Florida has adopted a new law that limits the ability of the state to use drones for surveillance.
http://www.cnn.com/2013/04/25/us/florida-drone-law/index.html. The law requires judicial approval before state and local law enforcement may use surveillance drones. The law makes exceptions for instances where there is "imminent danger to life or serious damage to property" or where there is "credible intelligence" which indicates "a high risk of terrorist attack." Currently few law enforcement agencies in Florida have drones. The CNN article states that Miami and Orange County each have two.
In terms of the Fourth Amendment it is important to note that states may adopt more privacy protections, by statute or by constitutional provision, than are guaranteed under the U.S. Constitution. Florida has done so by statute in this instance.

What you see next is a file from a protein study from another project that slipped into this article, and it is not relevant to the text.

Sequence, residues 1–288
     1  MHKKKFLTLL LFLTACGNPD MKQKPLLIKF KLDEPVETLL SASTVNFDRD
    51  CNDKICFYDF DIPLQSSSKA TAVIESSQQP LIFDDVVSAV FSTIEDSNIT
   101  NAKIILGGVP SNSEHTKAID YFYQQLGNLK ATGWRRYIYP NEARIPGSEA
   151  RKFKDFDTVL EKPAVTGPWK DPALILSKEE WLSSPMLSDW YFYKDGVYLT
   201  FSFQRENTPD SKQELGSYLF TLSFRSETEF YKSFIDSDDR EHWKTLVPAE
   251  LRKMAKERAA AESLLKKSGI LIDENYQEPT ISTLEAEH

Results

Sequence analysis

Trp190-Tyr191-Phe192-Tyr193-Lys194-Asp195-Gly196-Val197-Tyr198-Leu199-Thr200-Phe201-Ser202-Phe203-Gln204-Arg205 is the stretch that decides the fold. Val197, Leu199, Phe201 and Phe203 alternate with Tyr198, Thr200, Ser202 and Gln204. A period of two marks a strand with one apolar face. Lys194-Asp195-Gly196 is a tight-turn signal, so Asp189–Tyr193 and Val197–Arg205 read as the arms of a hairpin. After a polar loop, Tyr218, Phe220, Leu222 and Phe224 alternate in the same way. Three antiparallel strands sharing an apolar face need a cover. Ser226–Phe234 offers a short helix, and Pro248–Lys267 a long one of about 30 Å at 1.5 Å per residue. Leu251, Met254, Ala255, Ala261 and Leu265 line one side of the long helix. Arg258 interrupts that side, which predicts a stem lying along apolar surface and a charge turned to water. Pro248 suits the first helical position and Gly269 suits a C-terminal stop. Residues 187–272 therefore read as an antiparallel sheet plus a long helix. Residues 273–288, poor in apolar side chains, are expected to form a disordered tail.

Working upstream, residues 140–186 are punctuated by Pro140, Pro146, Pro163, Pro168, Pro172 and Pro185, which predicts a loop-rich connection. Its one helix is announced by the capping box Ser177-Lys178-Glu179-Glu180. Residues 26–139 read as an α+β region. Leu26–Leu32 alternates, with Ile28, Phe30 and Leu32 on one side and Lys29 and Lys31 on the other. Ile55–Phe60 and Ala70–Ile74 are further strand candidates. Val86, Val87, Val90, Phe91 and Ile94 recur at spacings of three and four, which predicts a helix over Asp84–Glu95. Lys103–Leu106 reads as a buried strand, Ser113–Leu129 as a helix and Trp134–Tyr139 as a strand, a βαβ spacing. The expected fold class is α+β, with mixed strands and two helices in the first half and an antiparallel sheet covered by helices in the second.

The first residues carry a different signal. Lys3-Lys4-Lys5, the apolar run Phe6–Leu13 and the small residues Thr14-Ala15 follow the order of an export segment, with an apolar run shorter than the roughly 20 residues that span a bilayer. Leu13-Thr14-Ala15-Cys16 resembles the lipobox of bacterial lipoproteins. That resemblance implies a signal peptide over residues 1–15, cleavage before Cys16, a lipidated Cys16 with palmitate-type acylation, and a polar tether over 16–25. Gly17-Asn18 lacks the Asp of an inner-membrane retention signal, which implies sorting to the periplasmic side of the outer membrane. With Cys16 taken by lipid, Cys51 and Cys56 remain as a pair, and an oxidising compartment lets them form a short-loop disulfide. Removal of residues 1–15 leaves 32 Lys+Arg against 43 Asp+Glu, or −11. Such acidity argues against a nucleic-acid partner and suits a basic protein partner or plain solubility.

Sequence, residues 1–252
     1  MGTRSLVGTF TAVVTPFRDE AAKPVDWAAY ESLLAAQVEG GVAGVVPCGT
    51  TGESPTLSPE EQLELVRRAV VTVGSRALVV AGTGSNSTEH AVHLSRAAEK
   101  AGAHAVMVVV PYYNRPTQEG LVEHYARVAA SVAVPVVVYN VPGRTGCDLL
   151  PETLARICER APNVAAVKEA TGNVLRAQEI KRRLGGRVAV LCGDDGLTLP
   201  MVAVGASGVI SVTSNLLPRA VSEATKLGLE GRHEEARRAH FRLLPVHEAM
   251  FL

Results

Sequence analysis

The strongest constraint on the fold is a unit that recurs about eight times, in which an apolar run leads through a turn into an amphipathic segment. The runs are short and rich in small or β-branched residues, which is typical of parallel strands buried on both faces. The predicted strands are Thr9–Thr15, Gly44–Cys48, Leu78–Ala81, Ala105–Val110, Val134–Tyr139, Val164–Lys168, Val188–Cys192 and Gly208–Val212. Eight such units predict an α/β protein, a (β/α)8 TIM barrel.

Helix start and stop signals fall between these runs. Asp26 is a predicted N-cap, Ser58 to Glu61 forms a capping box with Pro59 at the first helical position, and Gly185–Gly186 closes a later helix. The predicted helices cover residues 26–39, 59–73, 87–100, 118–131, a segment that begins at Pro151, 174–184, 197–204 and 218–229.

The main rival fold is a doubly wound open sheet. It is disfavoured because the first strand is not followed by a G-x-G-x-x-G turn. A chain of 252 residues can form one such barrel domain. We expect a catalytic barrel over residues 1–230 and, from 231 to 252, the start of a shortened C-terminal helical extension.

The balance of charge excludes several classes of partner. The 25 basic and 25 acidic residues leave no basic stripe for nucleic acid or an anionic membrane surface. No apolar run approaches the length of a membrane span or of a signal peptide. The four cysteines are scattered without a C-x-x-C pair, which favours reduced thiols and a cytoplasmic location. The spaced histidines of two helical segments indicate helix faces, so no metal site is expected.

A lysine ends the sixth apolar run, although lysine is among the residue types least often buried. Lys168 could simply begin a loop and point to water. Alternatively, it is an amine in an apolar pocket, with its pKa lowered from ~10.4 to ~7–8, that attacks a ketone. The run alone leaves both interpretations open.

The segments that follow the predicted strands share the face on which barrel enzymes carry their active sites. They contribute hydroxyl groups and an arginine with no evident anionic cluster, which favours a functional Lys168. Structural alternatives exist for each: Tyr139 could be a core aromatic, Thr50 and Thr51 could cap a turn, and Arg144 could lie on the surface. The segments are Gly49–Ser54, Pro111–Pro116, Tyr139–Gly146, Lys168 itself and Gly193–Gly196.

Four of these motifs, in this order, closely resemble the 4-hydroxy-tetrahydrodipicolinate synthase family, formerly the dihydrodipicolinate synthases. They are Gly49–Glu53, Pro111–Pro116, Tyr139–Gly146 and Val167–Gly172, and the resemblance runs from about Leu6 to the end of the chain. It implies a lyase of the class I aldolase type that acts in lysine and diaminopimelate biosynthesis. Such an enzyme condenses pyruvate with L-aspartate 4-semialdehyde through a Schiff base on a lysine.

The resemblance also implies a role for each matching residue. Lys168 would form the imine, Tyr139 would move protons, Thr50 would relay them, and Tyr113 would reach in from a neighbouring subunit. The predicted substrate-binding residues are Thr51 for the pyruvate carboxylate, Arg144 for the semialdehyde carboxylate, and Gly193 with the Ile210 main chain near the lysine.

At the federal level the U.S. Supreme Court has decided cases involving surveillance by manned aircraft. California v. Ciraolo, 476 U.S. 207 (1986). In that case the police were not required to obtain a warrant before flying over and observing with the naked eye the backyard of the defendant. Using other equipment beyond human eyesight during the overflight to observe the property would entail a different analysis than Ciraolo. Also the Supreme Court has recently placed an extra emphasis on property rights in the Fourth Amendment context. United States v. Jones, 565 U.S. ___; 132 S.Ct. 945; 181 L.Ed.2d 911(2012). The common law property maxim of cuius est solum eius est usque ad coelum et ad inferos implied that a land owner owned all the land beneath and above his property. This legal maxim is now limited to the area above or below the ground that the landowner can occupy or use in connection with the land so overflights are not prohibited in this regard unless they are too low to the ground. United States v. Causby, 328 U.S. 256; 66 S.Ct. 1062; 90 L.Ed. 1206 (1946). So there might be a property rights based Fourth Amendment argument against drones flying too close to the ground without a warrant.
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